North Dakota was among the first states to prohibit corporate farming in 1932. Nebraska was among the last, when, by a 1982 vote of the people, the state enacted Initiative 300, a constitutional amendment against corporate farming.
During the 50 years between North Dakota’s corporate farming law and Nebraska’s Initiative 300, most Midwest and Great Plains farm and ranch states passed similar anti-corporate farming laws.
Over the last three decades concerted, coordinated efforts by industrial agriculture interests eroded those victories. With the exception of North Dakota, every Midwest and Great Plains state saw them overturned or eviscerated by legislative or legal action. Nebraska’s Initiative 300 was overturned in federal court in 2005.
Thanks to former state Senator Cap Dierks’ foresight following the 1999 hog market crisis, however, Nebraska still possesses a statute prohibiting livestock ownership by meatpacking corporations.
Leah Douglas, a reporter and policy analyst with New America’s Open Markets Program, wrote recently in Fortune Magazine about the current assault on Nebraska’s prohibition of meatpacker ownership of livestock (The last state standing against corporate farming weighs a change, Fortune, March 24, 2015).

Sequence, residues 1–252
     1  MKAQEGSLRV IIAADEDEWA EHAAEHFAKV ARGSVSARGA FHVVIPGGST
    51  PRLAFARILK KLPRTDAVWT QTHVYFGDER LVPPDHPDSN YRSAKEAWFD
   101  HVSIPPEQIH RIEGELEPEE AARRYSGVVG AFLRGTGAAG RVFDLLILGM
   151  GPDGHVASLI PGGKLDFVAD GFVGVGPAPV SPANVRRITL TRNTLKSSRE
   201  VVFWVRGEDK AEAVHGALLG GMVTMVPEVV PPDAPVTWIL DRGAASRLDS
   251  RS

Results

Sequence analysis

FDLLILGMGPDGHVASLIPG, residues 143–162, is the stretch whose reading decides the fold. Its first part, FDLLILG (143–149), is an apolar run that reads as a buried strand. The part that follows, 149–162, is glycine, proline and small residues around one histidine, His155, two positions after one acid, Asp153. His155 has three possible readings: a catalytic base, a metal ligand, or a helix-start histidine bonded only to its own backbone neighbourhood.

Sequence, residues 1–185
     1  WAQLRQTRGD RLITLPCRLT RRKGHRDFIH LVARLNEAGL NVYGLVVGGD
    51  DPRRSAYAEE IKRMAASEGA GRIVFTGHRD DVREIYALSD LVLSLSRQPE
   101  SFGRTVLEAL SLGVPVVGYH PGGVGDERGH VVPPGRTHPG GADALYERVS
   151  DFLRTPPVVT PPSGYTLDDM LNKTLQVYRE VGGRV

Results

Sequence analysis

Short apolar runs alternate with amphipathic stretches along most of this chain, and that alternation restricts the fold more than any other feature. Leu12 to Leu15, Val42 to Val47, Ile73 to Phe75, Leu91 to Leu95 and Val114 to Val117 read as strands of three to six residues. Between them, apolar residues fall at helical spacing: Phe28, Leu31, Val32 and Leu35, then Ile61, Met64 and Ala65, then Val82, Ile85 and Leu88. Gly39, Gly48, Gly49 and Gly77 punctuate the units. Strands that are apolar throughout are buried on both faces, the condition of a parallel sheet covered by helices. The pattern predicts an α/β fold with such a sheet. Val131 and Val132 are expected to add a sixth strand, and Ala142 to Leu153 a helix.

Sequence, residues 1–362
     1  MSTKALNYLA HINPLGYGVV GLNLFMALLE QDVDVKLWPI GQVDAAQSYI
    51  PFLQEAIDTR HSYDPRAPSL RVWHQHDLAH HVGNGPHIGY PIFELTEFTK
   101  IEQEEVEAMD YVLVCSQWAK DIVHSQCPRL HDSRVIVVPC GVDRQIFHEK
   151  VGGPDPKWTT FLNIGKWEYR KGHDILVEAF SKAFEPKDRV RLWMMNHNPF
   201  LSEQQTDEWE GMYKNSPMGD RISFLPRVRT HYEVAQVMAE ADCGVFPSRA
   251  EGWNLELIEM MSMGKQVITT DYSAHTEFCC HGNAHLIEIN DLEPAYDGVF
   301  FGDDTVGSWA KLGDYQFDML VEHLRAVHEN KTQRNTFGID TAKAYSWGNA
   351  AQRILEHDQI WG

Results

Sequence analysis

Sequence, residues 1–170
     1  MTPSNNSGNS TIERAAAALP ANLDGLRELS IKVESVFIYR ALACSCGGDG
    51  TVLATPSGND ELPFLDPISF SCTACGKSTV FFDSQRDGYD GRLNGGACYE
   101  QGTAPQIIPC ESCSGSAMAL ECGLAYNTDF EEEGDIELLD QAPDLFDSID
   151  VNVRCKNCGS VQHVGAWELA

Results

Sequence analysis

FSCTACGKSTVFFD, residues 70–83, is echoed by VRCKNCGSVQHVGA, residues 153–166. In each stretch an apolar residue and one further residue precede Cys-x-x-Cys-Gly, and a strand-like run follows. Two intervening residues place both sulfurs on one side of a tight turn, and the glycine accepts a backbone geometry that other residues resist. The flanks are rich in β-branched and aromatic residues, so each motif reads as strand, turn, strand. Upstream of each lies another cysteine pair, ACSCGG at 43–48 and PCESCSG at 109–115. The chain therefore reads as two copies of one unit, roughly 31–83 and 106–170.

Jim Knopik, Center for Rural Affairs board member and past-President, figures prominently in the story.
“Knopik, who is a 65-year-old hog farmer, has fought for decades to protect Nebraska’s family farms. In 1997, he organized protests against a proposed factory farm in his town of Fullerton. Later, when an influx of cheap factory farm meat caused the price of pork to drop precipitously, he established a co-op to maintain a market for his farm and other independent pork producers.
“Now, he’s involved in a new fight, one that’s taking place in the Nebraska state legislature. A proposed bill, Legislative Bill 176, would overturn Nebraska’s ban on corporate ownership of hogs. Knopik and others believe the bill could open the door for giant meatpackers like Smithfield to assume even more control over the state’s meat industry.”
North Dakota’s anti-corporate farming law has come under an eerily similar legislative assault this year. SB 2351, which exempts dairy and swine operations from the state’s corporate farming law, was signed into law on March 20.
North Dakota Farmers Union President Mark Watne has vowed to fight on. He secured approval from the Secretary of State for their petition to initiate a ballot measure allowing the voters of North Dakota to overturn SB 2351.
And the Center for Rural Affairs and Nebraska Farmers Union aren’t giving in on LB 176, which still awaits debate before the Nebraska Unicameral. We may be the last states standing on these issues, but, in the words of Dylan Thomas, we will “not go gentle into that good night.”
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